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Sunday, July 23, 2017

Using Attach Canvas in Fusion 360 to Find an Unknown Measurement

For the last few weeks, on my spare time, I've been creating models from scanned prints in Fusion 360.

Most of these prints are produced in the 1940s, and they border on artwork.  When an drafter nearly
80 years ago could accomplish with pen and paper was impressive.  They were certainly masters of their
craft!  You can see a sample of a similar drawing here

How can you find the missing dimension? 
But a challenge I encountered was one that even modern users of 2D drawings encounter.  Missing
dimensions.

In some cases, the missing dimension was a result of a drafting error, in most cases, the dimension
was referenced on a different drawing that was unavailable to me.

But it doesn't matter how the dimensions ended up missing, if they can't be found or derived.  Without the missing dimension, creating a model from the drawing becomes much more challenging.

Fortunately Fusion 360 has a nice tool that makes finding this dimensions pretty simple, as long as
you have a single dimension, and the drawing is consistently scaled. 

How do you do it?  Here's how I was able to figure out what that phantom dimension.

Convert your drawing into an image file, a *.png, *.jpg, *.jpeg, and *.tif are all formats you can
use.

Now this image can be imported using the "Attached Canvas". icon.



Fusion 360 will want to know which plane you want to place the image on, and will also want you to browse for the image you want to insert.

Once an image and a plane are selected, you'll have an opportunity to scale the image, using either the handles or in the dialog box.  You can scale it here, but there's a step coming up where it'll be easier to scale the image accurately.  In my case, I used this yet to be seen step.

The Attached Canvas Preview
The drawing will import onto the Fusion 360 canvas, but it's not calibrated.  It's up to us to make sure the scale of the drawing  is 1:1. .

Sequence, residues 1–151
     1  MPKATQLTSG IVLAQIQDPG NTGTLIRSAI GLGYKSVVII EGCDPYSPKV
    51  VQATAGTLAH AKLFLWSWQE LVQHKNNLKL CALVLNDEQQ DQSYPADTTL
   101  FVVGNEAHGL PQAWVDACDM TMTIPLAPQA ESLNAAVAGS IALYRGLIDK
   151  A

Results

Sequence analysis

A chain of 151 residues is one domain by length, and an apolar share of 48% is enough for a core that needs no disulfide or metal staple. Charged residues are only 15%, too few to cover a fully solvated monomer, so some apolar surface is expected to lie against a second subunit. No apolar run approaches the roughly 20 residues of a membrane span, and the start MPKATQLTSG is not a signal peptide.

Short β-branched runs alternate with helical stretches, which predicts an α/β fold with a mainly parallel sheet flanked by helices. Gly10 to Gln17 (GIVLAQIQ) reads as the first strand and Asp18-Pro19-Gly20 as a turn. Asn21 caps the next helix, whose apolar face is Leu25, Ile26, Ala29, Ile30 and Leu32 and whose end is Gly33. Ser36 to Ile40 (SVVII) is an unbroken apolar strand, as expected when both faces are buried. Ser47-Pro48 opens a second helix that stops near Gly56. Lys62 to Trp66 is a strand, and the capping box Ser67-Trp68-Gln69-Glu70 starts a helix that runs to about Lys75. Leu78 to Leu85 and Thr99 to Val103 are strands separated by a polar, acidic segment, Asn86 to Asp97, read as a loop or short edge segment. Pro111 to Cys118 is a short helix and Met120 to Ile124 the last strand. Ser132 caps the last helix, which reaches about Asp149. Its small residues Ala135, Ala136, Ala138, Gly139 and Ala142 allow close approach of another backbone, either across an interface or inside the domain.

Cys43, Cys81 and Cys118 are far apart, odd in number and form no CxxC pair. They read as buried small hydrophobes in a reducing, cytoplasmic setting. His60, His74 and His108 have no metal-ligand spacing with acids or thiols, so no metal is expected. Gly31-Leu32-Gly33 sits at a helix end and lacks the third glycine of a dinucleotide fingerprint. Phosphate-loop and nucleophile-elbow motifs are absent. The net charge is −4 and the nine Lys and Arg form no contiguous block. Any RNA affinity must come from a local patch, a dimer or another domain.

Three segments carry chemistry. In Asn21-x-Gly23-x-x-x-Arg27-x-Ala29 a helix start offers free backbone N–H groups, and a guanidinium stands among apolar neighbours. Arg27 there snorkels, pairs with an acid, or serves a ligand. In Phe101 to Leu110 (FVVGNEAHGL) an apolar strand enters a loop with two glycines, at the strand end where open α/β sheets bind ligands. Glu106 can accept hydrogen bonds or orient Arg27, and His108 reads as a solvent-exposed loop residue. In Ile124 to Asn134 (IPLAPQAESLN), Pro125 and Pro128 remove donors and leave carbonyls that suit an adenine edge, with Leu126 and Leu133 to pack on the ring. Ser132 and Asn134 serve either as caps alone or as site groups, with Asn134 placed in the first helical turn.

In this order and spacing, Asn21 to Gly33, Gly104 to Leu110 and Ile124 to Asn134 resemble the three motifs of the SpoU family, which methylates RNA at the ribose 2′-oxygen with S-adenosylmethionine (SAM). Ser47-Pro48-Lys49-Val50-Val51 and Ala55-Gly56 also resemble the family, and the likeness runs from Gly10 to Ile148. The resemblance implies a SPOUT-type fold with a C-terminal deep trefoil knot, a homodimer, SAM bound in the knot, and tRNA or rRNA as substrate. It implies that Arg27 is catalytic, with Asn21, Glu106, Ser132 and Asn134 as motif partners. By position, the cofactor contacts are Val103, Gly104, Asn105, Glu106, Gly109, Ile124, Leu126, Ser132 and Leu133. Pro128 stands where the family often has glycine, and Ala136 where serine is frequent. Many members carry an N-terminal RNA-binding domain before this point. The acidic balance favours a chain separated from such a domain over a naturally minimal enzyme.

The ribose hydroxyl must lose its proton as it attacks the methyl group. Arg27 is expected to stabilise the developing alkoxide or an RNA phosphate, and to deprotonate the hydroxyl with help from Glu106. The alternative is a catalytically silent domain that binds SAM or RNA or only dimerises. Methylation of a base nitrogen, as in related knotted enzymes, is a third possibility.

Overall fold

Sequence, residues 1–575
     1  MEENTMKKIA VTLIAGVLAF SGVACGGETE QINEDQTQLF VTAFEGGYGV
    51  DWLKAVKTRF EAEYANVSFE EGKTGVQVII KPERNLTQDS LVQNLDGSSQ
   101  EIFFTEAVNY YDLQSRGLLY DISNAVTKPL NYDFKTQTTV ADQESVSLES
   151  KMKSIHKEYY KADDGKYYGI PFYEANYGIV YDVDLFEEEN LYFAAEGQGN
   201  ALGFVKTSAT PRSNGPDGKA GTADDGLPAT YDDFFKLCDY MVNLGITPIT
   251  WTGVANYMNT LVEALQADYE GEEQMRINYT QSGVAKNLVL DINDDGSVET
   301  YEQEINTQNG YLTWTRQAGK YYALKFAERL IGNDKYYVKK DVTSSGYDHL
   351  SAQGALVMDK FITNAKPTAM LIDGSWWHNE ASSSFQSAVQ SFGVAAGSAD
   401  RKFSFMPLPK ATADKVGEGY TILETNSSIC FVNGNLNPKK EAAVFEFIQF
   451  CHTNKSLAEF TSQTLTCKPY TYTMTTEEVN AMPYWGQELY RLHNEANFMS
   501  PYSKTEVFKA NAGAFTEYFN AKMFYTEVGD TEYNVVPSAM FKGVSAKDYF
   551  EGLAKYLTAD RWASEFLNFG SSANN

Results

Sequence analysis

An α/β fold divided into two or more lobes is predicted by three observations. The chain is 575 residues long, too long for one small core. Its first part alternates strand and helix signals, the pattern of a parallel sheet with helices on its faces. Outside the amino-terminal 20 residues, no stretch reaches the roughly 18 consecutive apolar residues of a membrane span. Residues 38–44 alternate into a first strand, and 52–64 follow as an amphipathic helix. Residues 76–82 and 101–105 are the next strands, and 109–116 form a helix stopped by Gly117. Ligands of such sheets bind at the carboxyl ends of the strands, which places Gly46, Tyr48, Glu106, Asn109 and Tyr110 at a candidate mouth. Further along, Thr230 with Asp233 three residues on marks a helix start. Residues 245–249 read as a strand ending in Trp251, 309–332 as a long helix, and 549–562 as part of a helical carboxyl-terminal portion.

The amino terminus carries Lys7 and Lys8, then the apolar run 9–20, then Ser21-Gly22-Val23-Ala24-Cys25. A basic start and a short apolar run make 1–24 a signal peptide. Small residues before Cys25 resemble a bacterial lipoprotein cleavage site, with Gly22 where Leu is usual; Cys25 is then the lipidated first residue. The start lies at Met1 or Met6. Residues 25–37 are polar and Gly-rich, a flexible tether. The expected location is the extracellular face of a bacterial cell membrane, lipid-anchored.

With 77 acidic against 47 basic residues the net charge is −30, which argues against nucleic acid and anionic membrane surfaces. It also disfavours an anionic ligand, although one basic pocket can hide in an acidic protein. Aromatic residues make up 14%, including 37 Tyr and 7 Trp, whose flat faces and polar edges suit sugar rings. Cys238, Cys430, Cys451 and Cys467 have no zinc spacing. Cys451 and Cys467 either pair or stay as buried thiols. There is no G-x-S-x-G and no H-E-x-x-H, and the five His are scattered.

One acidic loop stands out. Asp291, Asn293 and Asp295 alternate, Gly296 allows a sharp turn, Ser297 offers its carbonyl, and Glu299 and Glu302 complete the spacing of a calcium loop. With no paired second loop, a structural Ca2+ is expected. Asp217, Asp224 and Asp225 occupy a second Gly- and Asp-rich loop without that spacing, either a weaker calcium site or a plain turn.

I recommend re-positioning the attached image easier to measure.  Once that's done, locate the "Canvases" folder in the browser.  Right click on it, and choose "Calibrate".

This step gives you the opportunity to measure a known value on the Attached Canvas.

Choosing the calibrate option will allow you
size the imported image. 
Returning back to the situation I found myself in, The drawing I was reproducing had edges I with dimensions I could use, so I just picked an edge with a dimension, and chose the extents of the dimension for scale.

In the case of my drawing, the dimension I chose was 5 inches.  Naturally, the calibration the dimension on my canvas, but trust me!  It's 5 inches!

Calibrating the image using a known edge.
The image will resize according to that known dimension, and if the drawing with a consistent scale, measurements can be taken from any part of the drawing and a reasonably accurate measurement can be made. 

A measurement taken to obtain the part thickness
By using this method, the dimensions of the part can be obtained from the drawing, and the drawing turned into a 3D model.  

But of course, it's not all a walk in the park. There are some things to be aware of going in.

You've already seen me use the phrase "consistently scaled".  In other words, the drawing has to be created to some sort of accurate scale.  If it's sketched to different scales in the X and Y axis, it will be difficult, possibly impossible, to get good dimensions.

I've also used the phrase "reasonably accurate".  That means you can't quite get to the last decimal point of your measurement.  But you can get close enough to determine many measurements.

For example, if you measure .193 on a part that can be expected to be a standard thickness, then you might be looking at a thickness of .1875 inches.

But even if not perfect, this method can get you exactly what you need when no other methods work.

So give it a try!





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